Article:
The Battle at Lake Changjin: 2021’s biggest box office earner is a Chinese war film that many call a ‘propaganda piece’

The Battle at Lake Changjin is being called a propaganda movie, less of a piece of entertainment than a front of the ongoing geopolitical conflict between China and the US. The film has earned $889.5 million, about $120 million more than No Time to Die.

You would be forgiven if you are unaware about a movie called The Battle at Lake Changjin. The fact that not many people know about its existence, however, is surprising because hands down, it is the biggest box office grosser of 2021. And no, it is not a Hollywood tent-pole.

The Battle at Lake Changjin is a Chinese epic war movie, commissioned by the Community Party, which is also the most expensive film ever made in the country, with its budget reportedly equalling $200 million.

As per Box Office Mojo, it has collected $889.5 million (Rs 6682 crores approximately). Even the second position on box office is hogged by a Chinese production, Hi, Mom, with $822 million. No Time to Die, the latest James Bond movie and Daniel Craig’s final film in the role, is at a distant third position, with $758 million.

For decades, the Chinese market has been the most important one outside North American for Hollywood movies. Often, big-budgeted would-be blockbusters made on well-known properties, like Marvel, DC, Star Wars, and Mission: Impossible are given early China releases before North America to give them an early boost.

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But no Hollywood movie has screened in China after 2019’s Spider-Man: Far From Home. Even Shang-Chi and the Legend of the Ten Rings, a big Marvel movie, which was made keeping China in mind, did not see the light of day in the country.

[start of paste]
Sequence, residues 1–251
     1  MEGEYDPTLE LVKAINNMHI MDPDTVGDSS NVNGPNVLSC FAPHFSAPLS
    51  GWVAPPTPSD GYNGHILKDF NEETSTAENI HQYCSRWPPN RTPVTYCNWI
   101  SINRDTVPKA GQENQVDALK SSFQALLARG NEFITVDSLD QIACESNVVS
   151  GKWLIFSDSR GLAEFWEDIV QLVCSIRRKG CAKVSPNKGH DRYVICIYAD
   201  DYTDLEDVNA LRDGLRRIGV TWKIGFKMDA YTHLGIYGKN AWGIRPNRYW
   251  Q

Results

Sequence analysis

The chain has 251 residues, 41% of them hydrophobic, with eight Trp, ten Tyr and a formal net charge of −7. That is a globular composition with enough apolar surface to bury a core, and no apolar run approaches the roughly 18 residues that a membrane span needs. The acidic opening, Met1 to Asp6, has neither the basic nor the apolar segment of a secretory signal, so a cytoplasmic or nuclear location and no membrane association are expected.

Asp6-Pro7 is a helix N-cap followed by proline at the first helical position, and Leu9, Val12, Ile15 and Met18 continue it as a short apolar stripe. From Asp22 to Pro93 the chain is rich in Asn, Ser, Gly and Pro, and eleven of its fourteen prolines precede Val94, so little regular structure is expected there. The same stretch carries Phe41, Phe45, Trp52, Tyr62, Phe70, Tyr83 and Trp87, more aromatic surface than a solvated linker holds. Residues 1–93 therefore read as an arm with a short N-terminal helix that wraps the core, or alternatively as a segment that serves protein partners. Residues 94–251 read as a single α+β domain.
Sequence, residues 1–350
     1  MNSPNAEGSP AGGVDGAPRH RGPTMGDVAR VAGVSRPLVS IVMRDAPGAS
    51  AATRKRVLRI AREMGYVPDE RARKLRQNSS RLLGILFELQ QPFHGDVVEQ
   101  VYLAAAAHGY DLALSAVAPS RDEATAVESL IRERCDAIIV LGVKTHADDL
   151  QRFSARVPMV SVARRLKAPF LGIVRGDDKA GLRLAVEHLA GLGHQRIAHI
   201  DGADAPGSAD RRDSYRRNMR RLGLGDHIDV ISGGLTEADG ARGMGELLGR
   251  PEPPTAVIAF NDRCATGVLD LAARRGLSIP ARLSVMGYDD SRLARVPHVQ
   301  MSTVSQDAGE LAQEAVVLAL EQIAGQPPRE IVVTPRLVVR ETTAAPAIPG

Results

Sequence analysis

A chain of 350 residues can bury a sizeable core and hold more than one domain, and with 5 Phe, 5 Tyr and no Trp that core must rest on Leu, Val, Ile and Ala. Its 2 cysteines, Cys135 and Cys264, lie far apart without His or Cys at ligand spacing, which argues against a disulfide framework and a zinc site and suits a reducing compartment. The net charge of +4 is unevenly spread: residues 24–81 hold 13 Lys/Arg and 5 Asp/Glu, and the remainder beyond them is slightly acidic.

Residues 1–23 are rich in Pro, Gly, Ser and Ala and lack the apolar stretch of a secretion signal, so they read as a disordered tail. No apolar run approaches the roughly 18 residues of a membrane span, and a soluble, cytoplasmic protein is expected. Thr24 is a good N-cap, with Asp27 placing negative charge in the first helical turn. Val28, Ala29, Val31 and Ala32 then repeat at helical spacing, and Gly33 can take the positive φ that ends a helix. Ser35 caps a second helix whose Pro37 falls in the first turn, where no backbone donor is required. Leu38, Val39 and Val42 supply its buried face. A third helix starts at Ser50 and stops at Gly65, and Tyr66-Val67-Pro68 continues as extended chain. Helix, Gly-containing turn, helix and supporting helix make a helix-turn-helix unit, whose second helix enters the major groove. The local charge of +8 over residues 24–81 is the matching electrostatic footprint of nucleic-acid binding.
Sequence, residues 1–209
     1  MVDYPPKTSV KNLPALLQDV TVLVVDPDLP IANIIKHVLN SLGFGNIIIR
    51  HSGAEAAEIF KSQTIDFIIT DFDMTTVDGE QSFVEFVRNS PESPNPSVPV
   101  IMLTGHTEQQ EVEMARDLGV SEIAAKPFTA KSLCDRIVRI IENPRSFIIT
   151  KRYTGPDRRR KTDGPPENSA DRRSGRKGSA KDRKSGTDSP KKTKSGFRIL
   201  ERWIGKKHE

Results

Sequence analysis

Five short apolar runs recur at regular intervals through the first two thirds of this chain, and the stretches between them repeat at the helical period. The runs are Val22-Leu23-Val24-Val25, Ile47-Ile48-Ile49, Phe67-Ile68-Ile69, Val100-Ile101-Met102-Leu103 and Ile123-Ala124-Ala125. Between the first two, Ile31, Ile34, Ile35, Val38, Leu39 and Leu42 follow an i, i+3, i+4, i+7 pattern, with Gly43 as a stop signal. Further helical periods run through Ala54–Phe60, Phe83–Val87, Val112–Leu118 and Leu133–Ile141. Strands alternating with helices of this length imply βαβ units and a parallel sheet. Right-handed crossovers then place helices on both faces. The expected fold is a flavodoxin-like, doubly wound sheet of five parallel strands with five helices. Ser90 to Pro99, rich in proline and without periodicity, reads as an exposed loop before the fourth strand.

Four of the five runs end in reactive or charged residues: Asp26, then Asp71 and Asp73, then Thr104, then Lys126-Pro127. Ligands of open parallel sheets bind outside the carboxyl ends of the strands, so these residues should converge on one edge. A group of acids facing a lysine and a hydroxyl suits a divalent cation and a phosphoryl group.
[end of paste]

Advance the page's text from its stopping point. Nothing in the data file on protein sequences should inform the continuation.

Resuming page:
Chinese authorities, as per some publications, have been making it difficult, if not impossible, for American studios by censorship and regulations.

This created an opportunity for The Battle at Lake Changjin. Directed by Chen Kaige, Tsui Hark and Dante Lam, and starring Wu Jing and Jackson Yee in lead roles, the film is being called a propaganda movie, less of a piece of entertainment than a front of the ongoing geopolitical conflict between China and the US.

Said to be commissioned by the Chinese Community Party, it fictionalises a major battle during the Korean War, also called Battle of Chosin Reservoir or The Battle at Lake Changjin. It depicts an epic Chinese victory over US forces, though the historical reality, experts say, is quite different.

The critics do not hesitate to call the film and makers out for the real intention behind the project.

The Guardian’s Phil Hoad in his review of the film said that “this government-ordained project wastes no opportunity – current geopolitical tensions notwithstanding – to assert the moral superiority of the Chinese soldier. Not only is he unfazed by superior opposition numbers and equipment or impossibly harsh climate conditions, even the enemy catering doesn’t get him down. We see Uncle Sam chowing down on a bounty of turkey legs and bacon while the People’s Volunteer Army break their teeth on stony potatoes.”

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The Hollywood Reporter’s Elizabeth Kerr pointed out that war dramas in general are prone to propagandist messaging and dubious historical authenticity, but The Battle at Lake Changjin overdoes it. “The dearth of Korean characters, a distant flag or even a name in passing signals the film’s utter lack of interest in anyone other than the clutch of characters at the center of the story, who support the narrative being created (for those who missed it: China good, U.S. bad),” she said.

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